# Random thoughts (or, rather, thoughts about randomness)

Let’s play a game.  Imagine we have before us the proverbial “fair coin”, and we decide to flip that coin 1,000,000 times.  When it comes up heads, I will pay you \$1, and, of course, when it comes up tails you will pay me \$1.  We will keep a running total of your “P&L” on every turn of this game.  Simple, right?  Please think about this question before you read further:

• How much do you expect to make or lose at the end of this game?  (Come up with an actual dollar amount.)

This is obviously a game where neither of us has an edge, so the 20 days or so it takes us to play this game are totally wasted!  If you play this game enough times, you should break even on average (formally, this is a 0 expectancy game), but what may surprise you is that the odds of you having exactly \$0 after a million trials is very, very, very small.  Much more likely you will be up or down a few hundred than exactly zero.  That question was pretty easy–here is a much harder one.

• If we keep a running total of your net P&L on each turn, it seems obvious that it will cross zero sometimes.  (Imagine you win \$1 on the first turn, then win \$1 on the next, then lose on the next 2 and you are back at \$0 total.  In this case you were positive for 3 turns.)  How many turns, in this random, breakeven game, would you expect to be positive or negative in a row?  In other words, if we were to graph your running total P&L for a million turns, how many turns in a row would you expect it to be above or below the zero line?  100?  1,000?  10,000?  More?
• And a related question:  If we play this game for a million turns, do you think your P&L will cross zero many times, or is it more likely to spend a lot of time either positive or negative?

I built a quick computer simulation to give us some idea what might happen in this game.  I ran it 5 times for 1,000,000 coin flips each game.  I kept track of the number of heads that came up and the maximum number of flips your P&L stayed on one side of the zero line.  Last, I graphed your P&L for each of the 5 games.  I think the answers may surprise you.

For the five games, you flipped heads 50.03%, 50.01%, 49.99%, 50.05%, and 49.98%.  Nothing shocking there–pretty much just confirms that the coin was fair.  (As I said before, the chances of flipping exactly 50% heads is exceedingly small.)  Here is what the graph of your P&L for the first game of 1,000,000 flips looks like:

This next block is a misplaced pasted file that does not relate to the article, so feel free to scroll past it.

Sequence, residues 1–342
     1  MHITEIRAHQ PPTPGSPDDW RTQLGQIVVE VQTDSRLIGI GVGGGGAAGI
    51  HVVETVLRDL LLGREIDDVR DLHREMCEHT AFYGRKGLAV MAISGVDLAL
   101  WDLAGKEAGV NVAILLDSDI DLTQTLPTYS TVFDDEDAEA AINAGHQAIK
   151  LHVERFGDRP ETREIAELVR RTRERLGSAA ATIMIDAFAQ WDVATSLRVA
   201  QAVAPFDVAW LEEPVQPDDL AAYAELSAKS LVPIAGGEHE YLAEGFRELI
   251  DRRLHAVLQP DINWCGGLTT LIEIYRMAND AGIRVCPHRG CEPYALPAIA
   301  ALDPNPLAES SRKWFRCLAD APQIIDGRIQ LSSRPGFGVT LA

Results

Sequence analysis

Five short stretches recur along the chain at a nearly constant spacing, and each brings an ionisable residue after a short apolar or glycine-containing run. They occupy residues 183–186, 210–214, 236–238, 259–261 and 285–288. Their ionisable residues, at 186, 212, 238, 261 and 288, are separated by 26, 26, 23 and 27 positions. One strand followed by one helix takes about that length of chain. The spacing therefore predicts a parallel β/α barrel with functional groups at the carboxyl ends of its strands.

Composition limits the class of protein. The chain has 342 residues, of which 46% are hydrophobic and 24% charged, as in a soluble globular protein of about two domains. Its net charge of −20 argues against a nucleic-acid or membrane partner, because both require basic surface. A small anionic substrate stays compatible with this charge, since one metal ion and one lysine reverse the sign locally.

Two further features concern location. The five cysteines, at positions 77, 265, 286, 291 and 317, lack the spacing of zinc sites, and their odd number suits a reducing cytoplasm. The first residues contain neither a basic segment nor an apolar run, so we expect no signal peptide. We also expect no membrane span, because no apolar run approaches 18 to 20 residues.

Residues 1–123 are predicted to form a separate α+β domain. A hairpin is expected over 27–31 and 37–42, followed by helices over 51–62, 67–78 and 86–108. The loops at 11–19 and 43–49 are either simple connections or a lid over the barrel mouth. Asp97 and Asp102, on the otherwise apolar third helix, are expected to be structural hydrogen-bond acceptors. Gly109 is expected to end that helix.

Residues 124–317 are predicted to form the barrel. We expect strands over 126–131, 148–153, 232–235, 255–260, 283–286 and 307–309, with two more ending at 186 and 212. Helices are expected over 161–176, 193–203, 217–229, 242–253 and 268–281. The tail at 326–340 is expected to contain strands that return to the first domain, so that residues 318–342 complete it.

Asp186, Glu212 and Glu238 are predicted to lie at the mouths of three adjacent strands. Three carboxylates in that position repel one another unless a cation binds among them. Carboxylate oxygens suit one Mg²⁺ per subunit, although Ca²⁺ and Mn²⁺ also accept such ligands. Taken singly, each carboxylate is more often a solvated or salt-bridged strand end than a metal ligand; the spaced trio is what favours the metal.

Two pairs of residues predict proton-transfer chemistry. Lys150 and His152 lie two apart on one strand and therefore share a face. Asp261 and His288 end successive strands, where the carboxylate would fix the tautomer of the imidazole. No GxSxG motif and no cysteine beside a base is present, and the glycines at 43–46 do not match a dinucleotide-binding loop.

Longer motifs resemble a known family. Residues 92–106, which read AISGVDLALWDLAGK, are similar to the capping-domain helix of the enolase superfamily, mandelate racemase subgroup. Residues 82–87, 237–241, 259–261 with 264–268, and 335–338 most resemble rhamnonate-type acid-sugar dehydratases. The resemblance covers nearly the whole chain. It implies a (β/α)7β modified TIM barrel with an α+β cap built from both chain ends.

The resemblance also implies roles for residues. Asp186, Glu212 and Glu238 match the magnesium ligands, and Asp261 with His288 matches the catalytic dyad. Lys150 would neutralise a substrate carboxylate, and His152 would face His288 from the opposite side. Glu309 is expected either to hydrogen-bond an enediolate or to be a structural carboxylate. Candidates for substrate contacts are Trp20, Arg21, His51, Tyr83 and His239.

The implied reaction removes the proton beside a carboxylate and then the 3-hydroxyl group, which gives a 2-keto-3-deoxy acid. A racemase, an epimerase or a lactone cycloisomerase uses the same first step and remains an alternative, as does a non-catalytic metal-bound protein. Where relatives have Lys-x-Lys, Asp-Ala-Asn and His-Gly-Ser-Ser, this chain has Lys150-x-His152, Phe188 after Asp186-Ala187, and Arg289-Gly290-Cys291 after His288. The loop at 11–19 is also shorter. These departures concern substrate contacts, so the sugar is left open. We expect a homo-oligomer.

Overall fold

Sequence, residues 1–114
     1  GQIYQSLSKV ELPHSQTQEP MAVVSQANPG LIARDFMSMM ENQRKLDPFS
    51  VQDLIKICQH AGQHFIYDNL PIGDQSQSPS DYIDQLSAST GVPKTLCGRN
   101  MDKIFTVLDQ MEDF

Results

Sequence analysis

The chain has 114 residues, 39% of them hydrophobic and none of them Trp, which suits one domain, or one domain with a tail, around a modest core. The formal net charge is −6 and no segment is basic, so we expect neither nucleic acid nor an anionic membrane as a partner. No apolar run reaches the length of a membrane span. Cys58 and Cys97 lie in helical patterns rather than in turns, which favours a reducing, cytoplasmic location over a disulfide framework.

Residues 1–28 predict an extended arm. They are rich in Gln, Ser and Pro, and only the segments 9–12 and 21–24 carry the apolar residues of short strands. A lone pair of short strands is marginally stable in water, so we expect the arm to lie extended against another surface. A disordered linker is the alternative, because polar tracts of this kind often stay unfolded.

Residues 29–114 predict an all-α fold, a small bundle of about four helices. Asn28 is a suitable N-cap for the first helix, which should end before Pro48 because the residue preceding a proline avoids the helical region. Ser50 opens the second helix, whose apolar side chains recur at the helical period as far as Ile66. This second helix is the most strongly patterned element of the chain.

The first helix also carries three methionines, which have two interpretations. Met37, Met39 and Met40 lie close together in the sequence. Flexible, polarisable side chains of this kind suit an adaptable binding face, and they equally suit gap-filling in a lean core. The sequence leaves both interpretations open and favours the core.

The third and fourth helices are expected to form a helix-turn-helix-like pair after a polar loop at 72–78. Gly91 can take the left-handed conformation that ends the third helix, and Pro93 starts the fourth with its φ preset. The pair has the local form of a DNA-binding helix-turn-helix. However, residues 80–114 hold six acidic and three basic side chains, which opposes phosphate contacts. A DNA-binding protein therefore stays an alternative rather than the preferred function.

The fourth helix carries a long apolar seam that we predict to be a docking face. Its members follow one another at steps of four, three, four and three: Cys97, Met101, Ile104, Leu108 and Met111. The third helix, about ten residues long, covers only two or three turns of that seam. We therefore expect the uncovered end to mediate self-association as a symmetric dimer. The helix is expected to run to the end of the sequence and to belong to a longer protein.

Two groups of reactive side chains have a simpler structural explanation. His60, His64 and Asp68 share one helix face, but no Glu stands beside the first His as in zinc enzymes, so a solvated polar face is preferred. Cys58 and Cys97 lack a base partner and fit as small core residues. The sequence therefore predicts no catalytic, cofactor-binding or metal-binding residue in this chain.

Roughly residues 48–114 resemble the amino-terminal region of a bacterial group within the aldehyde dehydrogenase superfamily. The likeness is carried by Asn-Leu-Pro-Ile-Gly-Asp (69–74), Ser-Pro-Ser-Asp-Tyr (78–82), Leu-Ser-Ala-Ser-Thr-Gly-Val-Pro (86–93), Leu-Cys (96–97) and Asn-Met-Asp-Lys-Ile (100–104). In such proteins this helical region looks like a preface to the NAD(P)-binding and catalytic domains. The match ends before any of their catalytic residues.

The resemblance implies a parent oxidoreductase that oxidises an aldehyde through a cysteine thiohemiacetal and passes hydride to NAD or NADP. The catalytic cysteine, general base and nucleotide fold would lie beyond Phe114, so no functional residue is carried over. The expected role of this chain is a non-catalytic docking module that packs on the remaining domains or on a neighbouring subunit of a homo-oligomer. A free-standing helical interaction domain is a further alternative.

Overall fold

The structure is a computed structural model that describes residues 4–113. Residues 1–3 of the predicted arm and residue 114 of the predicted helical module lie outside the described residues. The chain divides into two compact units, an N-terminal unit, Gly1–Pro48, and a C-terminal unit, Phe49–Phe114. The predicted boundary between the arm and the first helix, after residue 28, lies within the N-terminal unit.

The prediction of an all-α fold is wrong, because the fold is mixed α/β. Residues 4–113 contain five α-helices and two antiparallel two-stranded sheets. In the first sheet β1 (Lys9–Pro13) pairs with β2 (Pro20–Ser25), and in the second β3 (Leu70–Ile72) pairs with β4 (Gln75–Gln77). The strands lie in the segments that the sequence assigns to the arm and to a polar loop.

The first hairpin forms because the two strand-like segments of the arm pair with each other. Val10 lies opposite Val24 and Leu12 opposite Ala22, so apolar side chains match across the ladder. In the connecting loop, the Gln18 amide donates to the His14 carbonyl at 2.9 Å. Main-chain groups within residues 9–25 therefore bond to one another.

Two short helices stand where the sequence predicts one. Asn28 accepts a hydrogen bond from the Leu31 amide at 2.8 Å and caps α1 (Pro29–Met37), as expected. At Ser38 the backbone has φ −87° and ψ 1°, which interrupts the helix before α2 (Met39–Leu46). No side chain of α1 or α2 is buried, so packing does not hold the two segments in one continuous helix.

P&L record for 1 million coin flips

Wait a minute?  Really?  Most people expect that the P&L would stick pretty closely to the zero line, but, in reality, excursions from the line are VERY common.  Furthermore, once you are far away from zero, it is more likely you will spend more time away from it than go back.  In fact, in this test run (which really was the first one I did), there were 814,763 (out of 1 million) consecutive flips on the positive sign of the zero line!  Lest you think this run was an aberration, for the other tests, the numbers were 71,903, 646,124, 453,474 and 87,492 consecutive closes above or below zero.  What is going on here and why does this seem so strange to us?  It turns out there are some important lessons for traders here.

The bottom line is that humans tend to have poor intuition about random events.  We underestimate how “streaky” random data is, and so we have a difficult time looking at data and making a judgment about whether it comes from a random process or not.  In the graph above, your P&L was above zero for more than 800,000 flips of the coin, and, to a casual visual inspection, the chart appears to be trending.  If this was an actual system you were trading, do you think you would have concluded you had some actual edge in the market?

There is another lesson here.  Instead of being a graph of your P&L for my silly coin game, imagine that the chart above is a chart of a stock’s daily prices.  (In fact, what I have generated is one kind of “random walk” price path, so this is a legitimate way to think about it.)  Look at that chart (and the ones I will attach to the end of this post).  Do you see trends?  Do you see support and resistance?  Of course… look how well the “zero line” provided support twice, and the the stock traded away and never looked back.  If this is your first time looking at random price paths like this, are you surprised to see these patterns?  Remember, these charts really are truly random.  Any patterns we see are just due to random chance.  There is no actual support and resistance on these charts.  Every trend or trading range you see is purely the result of randomness.  There is nothing but randomness, but your eye will manufacture patterns in the same way that, presented with random patterns in clouds, you will see faces.

So what is the point here?  A reminder to be careful in your thinking. Don’t assume that , when something happens in the market, it “can’t be random.”  Random market action can produce patterns that might surprise you.  Don’t assume that, when you have a string of good trades, you necessarily have really found a sustainable edge in the market.  Many traders find it very uncomfortable and challenging to think about these topics, but I believe they are very important because they drive right to our core beliefs about what makes the market work.

(Take a look at the charts from the other four games.  Remember, each of these are 1 million flips of a fair coin, but evaluate them as if they were stock charts.  Do you see trends?  Trading ranges?  Support levels?  Hmmm….)